Dog Dental Disease: Common Signs to Be Aware Of

The most common condition that affects pets and cats is dental disease, specifically periodontal disease. Dental illness in our dogs could be shocking in its prevalence and severity. Pet owners and vets alike sometimes ignore dental disease identification and treatment.

Many veterinary schools have not recognized the importance of dental health education as part of the education of vets and technicians. Understanding the signs of dental problems in our pets can require the collaboration of pet owners and educated veterinarians.

It’s essential to be aware that even the most experienced observer may miss some periodontal problems. The loss of bone around the teeth is more rapid than that of gum recession. A thorough examination of the periodontal system, including dental X-rays required to detect periodontal diseases.

Symptoms of Dental Disease in Dogs

A lot of dental issues begin below your gumline. The symptoms listed below are only a fraction of the extensive damage to teeth. That is why tooth extraction is often required for pet owners who notice something wrong.

Red or Bleeding Gums

Gums that are healthy and normal are pink in color. When squeezed, the gums change to a lighter pink color, then back to their original pink color once you remove your fingers.

A reddish gum in your pet may indicate several factors. It is possible to rule out overheating and heatstroke as the primary cause of the redness if your dog has not been exposed to the sun or hot weather conditions. Bright red gums, however, can indicate inflammation (gingivitis) or infection resulting from periodontitis.

Your dog’s gums can become more sensitive and prone to bleeding because of these dental diseases. Blood-tinged saliva, blood on chew toys, and bloody patches on your dog’s bedding are all things that pet owners could notice.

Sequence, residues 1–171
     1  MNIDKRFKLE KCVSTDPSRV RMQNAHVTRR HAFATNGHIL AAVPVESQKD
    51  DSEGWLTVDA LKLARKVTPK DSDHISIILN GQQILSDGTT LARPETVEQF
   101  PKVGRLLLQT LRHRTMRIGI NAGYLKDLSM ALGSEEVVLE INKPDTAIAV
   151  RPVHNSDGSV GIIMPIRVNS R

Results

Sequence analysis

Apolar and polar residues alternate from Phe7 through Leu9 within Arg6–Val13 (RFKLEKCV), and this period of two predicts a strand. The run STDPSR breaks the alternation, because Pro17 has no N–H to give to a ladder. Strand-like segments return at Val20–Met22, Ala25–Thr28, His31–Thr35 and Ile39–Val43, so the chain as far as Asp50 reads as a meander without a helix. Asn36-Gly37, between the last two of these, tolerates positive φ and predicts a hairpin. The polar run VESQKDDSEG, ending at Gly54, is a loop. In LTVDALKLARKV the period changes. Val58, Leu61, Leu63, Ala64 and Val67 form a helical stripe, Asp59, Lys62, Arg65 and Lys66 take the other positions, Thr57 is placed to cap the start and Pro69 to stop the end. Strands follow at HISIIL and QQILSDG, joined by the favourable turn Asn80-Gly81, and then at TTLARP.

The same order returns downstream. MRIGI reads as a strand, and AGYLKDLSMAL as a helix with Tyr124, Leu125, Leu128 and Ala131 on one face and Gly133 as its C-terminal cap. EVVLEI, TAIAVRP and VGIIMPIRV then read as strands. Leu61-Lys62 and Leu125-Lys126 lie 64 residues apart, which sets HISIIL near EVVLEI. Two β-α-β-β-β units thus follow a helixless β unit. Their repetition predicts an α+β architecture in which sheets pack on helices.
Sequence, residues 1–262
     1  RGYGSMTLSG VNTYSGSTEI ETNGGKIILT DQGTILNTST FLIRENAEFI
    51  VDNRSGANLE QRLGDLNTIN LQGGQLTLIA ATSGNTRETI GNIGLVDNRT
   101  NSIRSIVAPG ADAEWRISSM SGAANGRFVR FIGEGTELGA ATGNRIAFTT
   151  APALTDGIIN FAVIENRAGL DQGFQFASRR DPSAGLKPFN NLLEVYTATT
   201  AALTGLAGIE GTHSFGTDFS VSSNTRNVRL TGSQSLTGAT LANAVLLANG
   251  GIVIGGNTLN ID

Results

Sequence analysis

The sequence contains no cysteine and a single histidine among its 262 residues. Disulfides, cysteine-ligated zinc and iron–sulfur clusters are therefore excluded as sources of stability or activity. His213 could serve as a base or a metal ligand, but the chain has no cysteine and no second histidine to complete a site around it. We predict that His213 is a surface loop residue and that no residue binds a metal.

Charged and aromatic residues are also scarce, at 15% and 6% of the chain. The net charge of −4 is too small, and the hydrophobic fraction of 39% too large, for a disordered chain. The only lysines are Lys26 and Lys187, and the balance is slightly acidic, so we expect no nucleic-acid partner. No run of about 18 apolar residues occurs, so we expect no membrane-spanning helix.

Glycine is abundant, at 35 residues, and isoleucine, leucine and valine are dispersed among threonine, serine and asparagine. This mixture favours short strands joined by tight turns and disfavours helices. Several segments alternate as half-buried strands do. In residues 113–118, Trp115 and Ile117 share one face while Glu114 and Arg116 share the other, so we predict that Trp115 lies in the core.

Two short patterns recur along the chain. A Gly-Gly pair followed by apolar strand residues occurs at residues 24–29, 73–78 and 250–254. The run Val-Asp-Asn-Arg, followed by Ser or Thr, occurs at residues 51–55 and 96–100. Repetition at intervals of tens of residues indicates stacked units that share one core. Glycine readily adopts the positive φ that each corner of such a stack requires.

Discolored Teeth

Plaque is a biofilm consisting mainly of salivary glycoproteins, bacteria, and extracellular polysaccharides, which adhere to the tooth’s surface or gaps. It’s not food residue, but it’s an uneven and rough coating that you might feel on your teeth before brushing.

When it is combined with minerals, plaque develops into tartar. It is a complicated, yellowish, or brownish substance that’s difficult to eliminate (through regular tooth cleaning). Groomers can only remove what can be seen, not below the gum line where tartar forms, and can cause tooth decay; therefore, having your dog’s teeth cleaned won’t be enough.

Bad Breath

While your pet’s breath will probably never be minty, any unusual scents should be evaluated by your veterinarian. The majority of pets with exceptionally foul-smelling breath have periodontal disease that must be treated.

Plaque build-up creates a stinky odor that gets more persistent as it solidifies into tartar. When periodontitis has risen to the point of tooth decay, your dog’s breath might get worse. Look up “Veterinary surgeon near me” for the best results.

Excessive Drooling

Because the oral tissues, including the gums, are irritated and inflamed, most dental issues result in your dog drooling. Your dog’s mouth produces more saliva than expected due to this. Visit a veterinary clinic for cat veterinary services.

Difficulty Eating

Pet owners who notice their dogs drinking a lot of water but not eating should investigate the various causes. Some dogs are sensitive to food or resort to unruly behavior to get what they want. Lastly, the elderly or sick dogs may not be eating the same way as younger and healthy.

There are many reasons a dog suddenly stops eating, and these causes should be cleared out immediately to determine the cause. Examine your mouth and teeth for problems and seek medical attention as soon as possible. Consult your veterinarian for more information about pet dental care.